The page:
norm in the hills

In His Own Words

I aspire to make people laugh, feel and think. I tried to present these songs to you as true to the traditions that inspired them, respectful and true to the sources of inspirations (people and stories), and true to my own sensibilities. In many ways, this music is intended to be a multi-dimensional slice of life: varied (musically and topically), complex and yet simple, light but also serious at times. Life is not one dimensional and neither is this collection of songs. - Norm Walker

Dear Friends and Gentle Hearts

Dear Friends & Gentle Hearts

The relaxed, intimate feel of this album makes the listener imagine that Norman is right there in the living room performing a live house concert. - Moira Cameron, Canadian Folk Music .

As I was inspired by many others, I hope that at least a part of this recording does the same by resonating with the current as well as future generations of listeners, writers and singers. - Norm Walker

front cover for T-Time: Time-Tested Tales - Tall & True

T-Time: Time-Tested Tales - Tall & True

Walker has a penchant for straddling the line between the things that make folks laugh, and those they have to laugh about to keep from crying. - Chuck Molgat, Prairie Dog Magazine

Lament for the Prairie Giants, an elegy for the vanished grain elevators of Saskatchewan, is impeccable in its meld of vocals and guitar, building a surprising emotional charge in its unadorned simplicity, with a tune as stately as the buildings it commemorates. Canadian Folk Music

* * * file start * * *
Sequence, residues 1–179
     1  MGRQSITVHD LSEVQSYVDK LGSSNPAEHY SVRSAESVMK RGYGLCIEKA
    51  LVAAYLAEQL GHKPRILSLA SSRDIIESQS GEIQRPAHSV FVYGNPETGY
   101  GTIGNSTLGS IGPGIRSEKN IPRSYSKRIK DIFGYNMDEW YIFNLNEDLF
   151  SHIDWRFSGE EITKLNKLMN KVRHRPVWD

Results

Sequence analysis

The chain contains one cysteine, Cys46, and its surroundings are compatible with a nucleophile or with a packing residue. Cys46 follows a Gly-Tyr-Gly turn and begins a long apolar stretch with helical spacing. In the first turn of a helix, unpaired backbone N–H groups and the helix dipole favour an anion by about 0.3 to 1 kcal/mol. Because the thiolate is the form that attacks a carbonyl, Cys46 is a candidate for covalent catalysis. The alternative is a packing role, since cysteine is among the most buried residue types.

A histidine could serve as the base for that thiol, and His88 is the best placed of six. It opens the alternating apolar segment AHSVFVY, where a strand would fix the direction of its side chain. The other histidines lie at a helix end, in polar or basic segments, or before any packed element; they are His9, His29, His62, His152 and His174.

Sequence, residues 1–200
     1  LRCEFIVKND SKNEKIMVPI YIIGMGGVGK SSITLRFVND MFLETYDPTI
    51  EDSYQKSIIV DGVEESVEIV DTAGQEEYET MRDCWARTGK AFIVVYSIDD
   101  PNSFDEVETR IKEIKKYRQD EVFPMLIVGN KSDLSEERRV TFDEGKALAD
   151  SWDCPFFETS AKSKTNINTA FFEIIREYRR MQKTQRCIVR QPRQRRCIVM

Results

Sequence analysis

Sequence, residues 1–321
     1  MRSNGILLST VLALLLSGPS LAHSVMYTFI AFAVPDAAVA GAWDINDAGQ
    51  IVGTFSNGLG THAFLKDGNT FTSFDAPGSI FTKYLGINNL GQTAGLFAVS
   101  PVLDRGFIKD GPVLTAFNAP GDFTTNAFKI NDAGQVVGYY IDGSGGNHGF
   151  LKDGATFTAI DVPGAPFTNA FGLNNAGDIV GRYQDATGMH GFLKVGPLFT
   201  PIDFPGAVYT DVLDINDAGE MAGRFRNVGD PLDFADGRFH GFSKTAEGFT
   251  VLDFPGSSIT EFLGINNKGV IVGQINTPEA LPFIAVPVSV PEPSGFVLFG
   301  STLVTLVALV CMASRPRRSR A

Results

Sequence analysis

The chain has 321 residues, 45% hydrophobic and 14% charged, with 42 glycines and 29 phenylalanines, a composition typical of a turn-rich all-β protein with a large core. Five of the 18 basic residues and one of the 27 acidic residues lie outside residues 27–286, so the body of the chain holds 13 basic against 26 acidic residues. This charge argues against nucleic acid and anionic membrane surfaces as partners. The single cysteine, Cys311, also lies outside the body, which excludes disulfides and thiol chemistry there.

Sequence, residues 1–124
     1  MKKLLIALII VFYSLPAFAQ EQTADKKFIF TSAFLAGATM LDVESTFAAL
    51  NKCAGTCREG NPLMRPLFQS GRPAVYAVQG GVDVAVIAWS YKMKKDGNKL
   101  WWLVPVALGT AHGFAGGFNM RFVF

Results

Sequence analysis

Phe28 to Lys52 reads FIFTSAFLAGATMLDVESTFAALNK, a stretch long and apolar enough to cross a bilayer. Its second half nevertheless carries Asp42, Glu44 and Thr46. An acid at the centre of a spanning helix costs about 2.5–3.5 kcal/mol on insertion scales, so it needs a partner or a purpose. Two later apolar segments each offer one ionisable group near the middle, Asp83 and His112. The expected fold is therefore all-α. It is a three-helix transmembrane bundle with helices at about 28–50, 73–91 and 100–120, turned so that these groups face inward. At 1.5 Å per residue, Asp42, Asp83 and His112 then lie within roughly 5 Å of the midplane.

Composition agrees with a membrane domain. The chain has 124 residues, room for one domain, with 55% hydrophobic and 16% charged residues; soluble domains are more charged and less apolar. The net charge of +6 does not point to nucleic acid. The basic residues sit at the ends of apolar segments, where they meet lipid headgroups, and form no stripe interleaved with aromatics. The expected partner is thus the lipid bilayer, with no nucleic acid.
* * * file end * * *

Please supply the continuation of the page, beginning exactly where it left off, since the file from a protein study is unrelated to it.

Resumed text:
if you can't at least smile at some of these story-songs, there's probably something wrong with your face.

Songs or stories?

Norm Walker doesn't call himself a storyteller but rather a "story-singer". Even so, the storytelling communities, locally and nationally, have embraced what he does as within the realm of what they call "storytelling". Some call him a "contemporary folk singer". Whatever you call him, at the very least he is an "entertainer" who uses music and stories as his main vehicles, often with tongue in cheek.

a sense of being grounded

Dear Friends & Gentle Hearts

A while past, I had the opportunity to live with my grandparents a year. Every other week, I would spend a couple of hours sitting with my grandmother, perusing one of her photo albums and listening to the stories she told with each picture. No matter how many times she showed me these snapshots from her past, I loved to hear her remembrances; it always gave me a sense of being grounded. That is how I felt listening to Norman Walker's latest CD. Each song was like a snapshot in a photo album, and his thoughtful singing interpreted the stories behind the pictures.

Norman's own view is that anyone can and should archive their own stories or those of loved ones, and ought not to wait for someone else to do it. Being endowed with a talent for songwriting has provided Norman a unique method of archiving the stories of the place where he lives (Saskatchewan) and of the people he knows or has heard about from others. Admittedly, the word "archive" calls to mind something very academic and dry. Dear Friends and Gentle Hearts is anything but.